Big Tech’s big week: Amazon, Apple, Facebook and Google on the hot seat in Washington, D.C.

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Life-sized cutouts of Facebook CEO Mark Zuckerberg appeared on the Capitol lawn before his testimony before Congress in 2018. (Flickr Photo / Joe Flood)

Execs from four of the top tech companies in the country will descend on Washington D.C. on Tuesday for a big antitrust hearing amid calls for stricter regulation of the industry.

The hearing: Google, Facebook, Amazon, and Apple are sending representatives to answer questions from the House Judiciary Committee during Tuesday’s hearing, titled “Online Platforms and Market Power, Part 2: Innovation and Entrepreneurship.” Key topics include the dominance of big tech companies and whether the current toolkit for regulating the industry is adequate.

Who’s who: In-house public policy and legal experts from each company will testify at the hearing. They include Google’s Adam Cohen, Facebook’s Matt Perault, Amazon’s Nate Sutton, and Apple’s Kyle Andeer. The committee will also hear from academics and trade groups. The Judiciary Committee’s antitrust wing, which is leading the hearing, includes Rep. Pramila Jayapal of Washington state. Jayapal represents Amazon’s hometown, Seattle, and surrounding areas.

Big picture: The issues surrounding Big Tech may be front-and-center this week but that doesn’t necessarily mean anything will change in the near future, at least in the U.S. After Cambridge Analytica there appeared to be enough pressure to push federal privacy regulations through but progress has slowed as Congress’s August recess approaches. Meanwhile, the European Union has emerged as a leader in tech regulation, passing sweeping privacy protections known as GDPR and fining American tech companies billions of dollars.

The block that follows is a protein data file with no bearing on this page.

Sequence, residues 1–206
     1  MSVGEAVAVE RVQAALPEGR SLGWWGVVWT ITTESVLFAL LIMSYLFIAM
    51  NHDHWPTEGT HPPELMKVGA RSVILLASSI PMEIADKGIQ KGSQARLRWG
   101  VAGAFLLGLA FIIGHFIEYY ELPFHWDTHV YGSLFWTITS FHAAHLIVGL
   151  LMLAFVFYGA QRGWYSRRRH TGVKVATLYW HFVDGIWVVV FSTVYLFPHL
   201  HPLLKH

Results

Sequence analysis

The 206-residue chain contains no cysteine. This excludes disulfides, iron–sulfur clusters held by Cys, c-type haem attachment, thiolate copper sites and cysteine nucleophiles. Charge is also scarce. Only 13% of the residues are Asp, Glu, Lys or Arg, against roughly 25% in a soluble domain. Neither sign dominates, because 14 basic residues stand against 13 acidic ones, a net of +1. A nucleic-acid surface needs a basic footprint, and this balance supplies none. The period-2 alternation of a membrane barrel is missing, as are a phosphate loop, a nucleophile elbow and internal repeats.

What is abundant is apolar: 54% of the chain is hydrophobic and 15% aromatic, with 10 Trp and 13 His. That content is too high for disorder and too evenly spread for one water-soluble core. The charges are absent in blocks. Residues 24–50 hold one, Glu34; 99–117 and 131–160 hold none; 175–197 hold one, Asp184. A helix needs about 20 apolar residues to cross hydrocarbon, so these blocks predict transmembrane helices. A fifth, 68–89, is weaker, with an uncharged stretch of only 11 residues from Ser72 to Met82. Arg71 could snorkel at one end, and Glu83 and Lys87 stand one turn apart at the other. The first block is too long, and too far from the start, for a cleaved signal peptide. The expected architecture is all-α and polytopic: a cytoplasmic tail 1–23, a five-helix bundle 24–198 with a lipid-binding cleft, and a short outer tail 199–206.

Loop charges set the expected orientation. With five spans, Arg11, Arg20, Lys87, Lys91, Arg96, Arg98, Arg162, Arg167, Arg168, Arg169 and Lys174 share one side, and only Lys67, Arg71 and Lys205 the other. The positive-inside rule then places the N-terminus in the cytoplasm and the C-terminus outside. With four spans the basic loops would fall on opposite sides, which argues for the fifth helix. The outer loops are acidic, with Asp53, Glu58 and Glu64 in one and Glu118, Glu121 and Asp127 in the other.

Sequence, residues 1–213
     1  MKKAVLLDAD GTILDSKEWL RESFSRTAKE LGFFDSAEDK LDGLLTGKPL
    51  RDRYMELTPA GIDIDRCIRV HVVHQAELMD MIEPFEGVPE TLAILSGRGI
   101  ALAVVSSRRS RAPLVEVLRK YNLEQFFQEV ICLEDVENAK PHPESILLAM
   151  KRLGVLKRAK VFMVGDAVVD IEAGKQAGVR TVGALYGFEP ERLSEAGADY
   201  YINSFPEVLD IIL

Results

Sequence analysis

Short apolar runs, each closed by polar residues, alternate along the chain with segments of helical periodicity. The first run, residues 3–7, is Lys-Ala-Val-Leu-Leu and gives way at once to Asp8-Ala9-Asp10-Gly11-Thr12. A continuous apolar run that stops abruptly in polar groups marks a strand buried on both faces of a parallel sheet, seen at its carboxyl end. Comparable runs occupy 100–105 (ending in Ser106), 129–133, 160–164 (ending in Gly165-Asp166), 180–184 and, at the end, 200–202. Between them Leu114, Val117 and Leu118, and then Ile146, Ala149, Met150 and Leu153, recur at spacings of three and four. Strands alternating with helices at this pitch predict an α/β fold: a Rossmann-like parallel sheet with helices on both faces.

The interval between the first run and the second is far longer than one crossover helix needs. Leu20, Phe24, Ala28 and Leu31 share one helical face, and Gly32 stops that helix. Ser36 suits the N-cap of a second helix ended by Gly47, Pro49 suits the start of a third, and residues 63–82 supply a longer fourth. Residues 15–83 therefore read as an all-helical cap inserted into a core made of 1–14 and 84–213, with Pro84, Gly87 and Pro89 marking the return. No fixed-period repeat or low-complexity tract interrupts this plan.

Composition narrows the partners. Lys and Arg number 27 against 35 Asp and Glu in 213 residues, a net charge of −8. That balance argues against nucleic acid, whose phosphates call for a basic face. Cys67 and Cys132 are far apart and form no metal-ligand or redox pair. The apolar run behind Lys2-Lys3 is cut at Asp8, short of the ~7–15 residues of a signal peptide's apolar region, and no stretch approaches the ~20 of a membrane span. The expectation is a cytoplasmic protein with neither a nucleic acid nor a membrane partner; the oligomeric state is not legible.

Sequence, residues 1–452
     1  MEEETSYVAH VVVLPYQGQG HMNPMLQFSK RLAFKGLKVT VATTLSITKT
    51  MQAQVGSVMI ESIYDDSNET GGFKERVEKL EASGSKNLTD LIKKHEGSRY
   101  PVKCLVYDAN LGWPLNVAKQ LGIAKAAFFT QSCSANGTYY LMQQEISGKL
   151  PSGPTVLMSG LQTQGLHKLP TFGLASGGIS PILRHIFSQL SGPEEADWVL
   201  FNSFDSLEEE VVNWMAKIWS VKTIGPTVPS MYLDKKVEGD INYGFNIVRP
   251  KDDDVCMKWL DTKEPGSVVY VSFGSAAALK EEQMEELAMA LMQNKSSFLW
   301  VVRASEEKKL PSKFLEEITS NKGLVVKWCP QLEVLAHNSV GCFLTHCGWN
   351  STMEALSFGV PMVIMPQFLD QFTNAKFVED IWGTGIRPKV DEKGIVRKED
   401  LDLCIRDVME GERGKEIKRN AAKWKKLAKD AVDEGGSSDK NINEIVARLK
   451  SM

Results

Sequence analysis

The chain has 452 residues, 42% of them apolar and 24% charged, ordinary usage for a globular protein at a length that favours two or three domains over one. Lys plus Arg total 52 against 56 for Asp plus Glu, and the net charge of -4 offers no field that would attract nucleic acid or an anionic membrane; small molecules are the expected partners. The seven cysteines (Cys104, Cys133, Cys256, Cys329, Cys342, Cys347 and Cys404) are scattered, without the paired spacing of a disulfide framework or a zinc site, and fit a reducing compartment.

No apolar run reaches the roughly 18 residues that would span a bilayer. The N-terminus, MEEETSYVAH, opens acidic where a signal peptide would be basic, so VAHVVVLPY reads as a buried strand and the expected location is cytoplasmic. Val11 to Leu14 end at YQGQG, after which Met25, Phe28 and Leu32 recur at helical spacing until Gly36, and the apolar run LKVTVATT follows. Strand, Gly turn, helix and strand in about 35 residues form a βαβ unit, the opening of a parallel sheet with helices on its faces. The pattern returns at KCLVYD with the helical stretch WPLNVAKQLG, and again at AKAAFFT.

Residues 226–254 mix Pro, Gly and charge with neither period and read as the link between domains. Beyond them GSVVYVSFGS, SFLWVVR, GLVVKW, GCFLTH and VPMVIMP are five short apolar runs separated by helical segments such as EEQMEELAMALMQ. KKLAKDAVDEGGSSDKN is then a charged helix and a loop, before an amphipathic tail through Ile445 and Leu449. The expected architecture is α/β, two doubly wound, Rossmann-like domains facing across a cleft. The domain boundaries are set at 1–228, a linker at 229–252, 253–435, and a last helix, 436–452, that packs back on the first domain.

The backdrop: Late last week, the Federal Trade Commission hit Facebook with a long-rumored $5 billion fine — the biggest financial penalty the U.S. government has ever levied against a tech company. But several lawmakers are unimpressed, calling the penalty a slap on the wrist. Their dissatisfaction shows how serious some members of Congress are about reining in the tech industry, an issue with rare bipartisan support. Calls for regulation have grown louder in the wake of scandals and missteps that have shaken American confidence in the industry. The infamous Cambridge Analytica breach first prompted the FTC to investigate Facebook’s privacy practices which culminated more than a year later with the fine. Tech’s dominance has also become a focal point in the 2020 presidential race.

What they’re saying: Amazon isn’t commenting directly on the hearing. A spokesperson pointed to stats on the competitors Amazon faces in the various businesses in which it operates. Google is also staying quiet, referring to previous comments from CEO Sundar Pichai in which he addressed antitrust concerns.

“There are many countries around the world which aspire to be the next Silicon Valley,” Pichai said in a June interview with CNN. “We have to balance both. This doesn’t mean we don’t scrutinize large companies but you have to balance it with the fact that you want big, successful companies as well.” Pichar also noted that “for some of the other companies maybe the scrutiny is newer but for us, we’ve had this for a while.”

Facebook and Apple did not respond to requests to comment on the hearing by our deadline.

Related: From ‘evil empire’ to model citizen? How Microsoft’s good deeds work to its competitive advantage

Conspicuously absent: The most valuable company in the word is not on the roster for the hearing despite the focus on corporate dominance. After its own antitrust battle in the 1990s, Microsoft has managed to escape the current wave of scrutiny largely unscathed.

Meanwhile: Facebook vice president David Marcus is testifying Tuesday morning on a separate topic: Libra. The social network is venturing into cryptocurrency and lawmakers have tough questions. “It takes a breathtaking amount of arrogance to look at that track record and think, ‘you know what we ought to do next? Let’s run our own bank,’” said Sen. Sherrod Brown in his prepared remarks.

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